• Health Services--to help keep you well.
  • Tutoring is FREE--it is offered both online and face-to-face for your convenience.
Tips for College Success

Tips for College Success

  • Go To All Orientations. The faster you learn your way around campus, the more at ease you'll feel and the better prepared you'll be when issues arise.
  • Get Involved. Have fun in school activities and join an organization or two. Stay on campus as much as you can to experience campus life.
  • Get Organized. Use your student planner to help you stay organized and plan ahead for tests. Set time aside for study, sleep, and extracurricular activities.
  • Don't Procrastinate; Pace Yourself. Give yourself deadlines -- and stick to them. Remember to take a break every once in a while so you don't get frustrated or burned out.
  • Get Connected. Make connections with other students in your classes. Not only will you make new friends, but you'll have people to contact for any missed notes or course questions. Know how to contact your professors and your advisor; they are there to help you.
  • Find the Career Center. Regardless of whether you are undeclared or have your entire future mapped out, people in the career center will help you get started on planning, preparing, and acting on your future.
  • Stay Healthy. Get enough sleep, take your vitamins, exercise, and eat right. Without mom or dad there to serve you a balanced meal, you may be tempted to go for those extra fries or cookies. Try to keep your junk food and fast food to a minimum.
  • Watch Your Money. If you've never had to create a budget, now is the time to do so. Don't buy into all of those credit card scams. It is very easy to get behind FAST with a credit card; only spend what you have and try to save.
  • Study, Study, Study. Find the ideal place for you to study. It may be your dorm room or a cozy corner of the library, but find a place that works best for you to get your work done -- while avoiding as many distractions as possible.
  • Be Prepared To Feel Overwhelmed. You will be taking on a lot of responsibility your first year of college. Just remember to breathe and to know that you are not the only one feeling this way.
First-Year Seminar

First Year Seminar

First Year Seminar Goal Statement:

The goals of this course are to introduce students to academic and social knowledge, skills, and resources within the Avila community, and to encourage students' personal development through an exploration of personal values, Avila's mission, and global issues. Course goals will be achieved through readings, written analysis, and discussions.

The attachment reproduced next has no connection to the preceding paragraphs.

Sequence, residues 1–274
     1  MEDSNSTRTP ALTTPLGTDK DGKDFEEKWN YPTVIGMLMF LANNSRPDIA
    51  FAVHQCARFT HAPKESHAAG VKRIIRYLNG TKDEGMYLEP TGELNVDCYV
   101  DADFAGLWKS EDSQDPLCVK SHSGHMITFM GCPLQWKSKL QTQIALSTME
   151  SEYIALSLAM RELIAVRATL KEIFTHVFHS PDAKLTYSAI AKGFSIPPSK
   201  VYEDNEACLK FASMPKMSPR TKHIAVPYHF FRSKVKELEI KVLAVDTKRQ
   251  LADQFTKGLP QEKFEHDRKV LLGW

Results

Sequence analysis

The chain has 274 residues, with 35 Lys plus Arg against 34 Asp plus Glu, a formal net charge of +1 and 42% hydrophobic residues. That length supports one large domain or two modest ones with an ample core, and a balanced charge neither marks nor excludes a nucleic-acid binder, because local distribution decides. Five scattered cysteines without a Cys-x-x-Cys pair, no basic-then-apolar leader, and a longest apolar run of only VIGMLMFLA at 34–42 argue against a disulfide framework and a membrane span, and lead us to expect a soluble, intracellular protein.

Course Format:

This is a one-credit course based on a seminar format where the learning is of a collaborative nature. Through the use of small group and individual activities, students and instructors learn from one another. Course work includes, but is not limited to orientation events, class work, assigned readings, and writing activities.

The Common Reading Program


"A Deadly Wandering"

by Matt Richtel

Read cover letter here.

Read essay questions here.


The Boy Who Harnessed the Wind

"The Boy Who Harnessed the Wind" by William Kamkwame and Bryan Mealer


The Distance Between Us

"The Distance Between Us" by Reyna Grande


A Birmingham bombing survivor comes of age during the Civil Rights Movement.


"The Big Truck That Went By: How the World Came to Save Haiti and Left Behind a Disaster" by Jonathan M. Katz


"They Poured Fire on Us From the Sky" by Benjamin Ajak, Bensen Deng, Alephonsian Deng, & Judy Bernstein

The true story of three Lost Boys from Sudan.


“The International Bank of Bob” by Bob Harris

Connecting our worlds one $25 Kiva Loan at a time.


"Unbroken" by Laura Hilenbrand
A World War II Story of Survival, Resilience, and Redemption


"The Boy Who Harnessed the Wind" by William Kamkwamba & Bryan Mealer


  • The Millennium Development Goals Report
     - In 2000 the United Nations adopted eight goals in order to develop a framework for activities in over 190 countries to be achieved over a 15 year period of time. This section of the Report summarizes progress to date on the first goal, eradicating extreme poverty and hunger. 
  • Always Enough: Heavenly Bread- This article provides a Christian perspective to the topic of hunger by connecting it to Bible scripture. 
  • Finding the Flexibility to Survive and The Time to Help is Now - These two essays written by American high school students for the National Public Radio (NPR) series titled, This I Believe, provide more local perspectives on the issues of poverty and hunger.


  • The Millennium Development Goals Report
     - In 2000 the United Nations adopted eight goals in order to develop a framework for activities in over 190 countries to be achieved over a 15 year period of time. This section of the Report summarizes progress to date on the first goal, eradicating extreme poverty and hunger. 
  • The Guardian - This article is from a London newspaper that provides an additional perspective on the progress being made toward the United Nations goal of eradicating hunger and poverty. 
  • Finding the Flexibility to Survive and The Time to Help is Now - These two essays written by American high school students for the National Public Radio (NPR) series titled, This I Believe, provide more local perspectives on the issues of poverty and hunger.